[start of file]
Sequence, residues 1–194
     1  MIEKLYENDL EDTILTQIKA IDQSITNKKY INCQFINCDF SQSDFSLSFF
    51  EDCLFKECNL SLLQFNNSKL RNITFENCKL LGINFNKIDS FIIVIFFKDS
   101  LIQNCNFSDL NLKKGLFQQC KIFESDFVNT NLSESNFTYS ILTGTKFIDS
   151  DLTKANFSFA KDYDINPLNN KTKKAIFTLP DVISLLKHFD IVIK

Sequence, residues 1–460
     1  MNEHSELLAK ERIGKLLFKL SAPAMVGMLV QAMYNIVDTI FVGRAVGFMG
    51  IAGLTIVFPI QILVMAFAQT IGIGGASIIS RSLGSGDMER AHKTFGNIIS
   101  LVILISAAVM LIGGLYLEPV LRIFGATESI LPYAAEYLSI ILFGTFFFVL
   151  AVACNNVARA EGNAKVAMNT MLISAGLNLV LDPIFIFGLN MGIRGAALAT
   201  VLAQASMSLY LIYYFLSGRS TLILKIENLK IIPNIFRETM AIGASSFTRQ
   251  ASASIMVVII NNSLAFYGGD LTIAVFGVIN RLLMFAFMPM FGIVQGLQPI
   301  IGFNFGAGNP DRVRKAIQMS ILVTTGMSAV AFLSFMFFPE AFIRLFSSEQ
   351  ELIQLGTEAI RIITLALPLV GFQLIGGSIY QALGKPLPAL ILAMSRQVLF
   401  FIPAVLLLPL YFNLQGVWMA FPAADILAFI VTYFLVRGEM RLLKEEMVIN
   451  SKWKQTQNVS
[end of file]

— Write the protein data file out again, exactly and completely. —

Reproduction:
Sequence, residues 1–194
     1  MIEKLYENDL EDTILTQIKA IDQSITNKKY INCQFINCDF SQSDFSLSFF
    51  EDCLFKECNL SLLQFNNSKL RNITFENCKL LGINFNKIDS FIIVIFFKDS
   101  LIQNCNFSDL NLKKGLFQQC KIFESDFVNT NLSESNFTYS ILTGTKFIDS
   151  DLTKANFSFA KDYDINPLNN KTKKAIFTLP DVISLLKHFD IVIK

Sequence, residues 1–460
     1  MNEHSELLAK ERIGKLLFKL SAPAMVGMLV QAMYNIVDTI FVGRAVGFMG
    51  IAGLTIVFPI QILVMAFAQT IGIGGASIIS RSLGSGDMER AHKTFGNIIS
   101  LVILISAAVM LIGGLYLEPV LRIFGATESI LPYAAEYLSI ILFGTFFFVL
   151  AVACNNVARA EGNAKVAMNT MLISAGLNLV LDPIFIFGLN MGIRGAALAT
   201  VLAQASMSLY LIYYFLSGRS TLILKIENLK IIPNIFRETM AIGASSFTRQ
   251  ASASIMVVII NNSLAFYGGD LTIAVFGVIN RLLMFAFMPM FGIVQGLQPI
   301  IGFNFGAGNP DRVRKAIQMS ILVTTGMSAV AFLSFMFFPE AFIRLFSSEQ
   351  ELIQLGTEAI RIITLALPLV GFQLIGGSIY QALGKPLPAL ILAMSRQVLF
   401  FIPAVLLLPL YFNLQGVWMA FPAADILAFI VTYFLVRGEM RLLKEEMVIN
   451  SKWKQTQNVS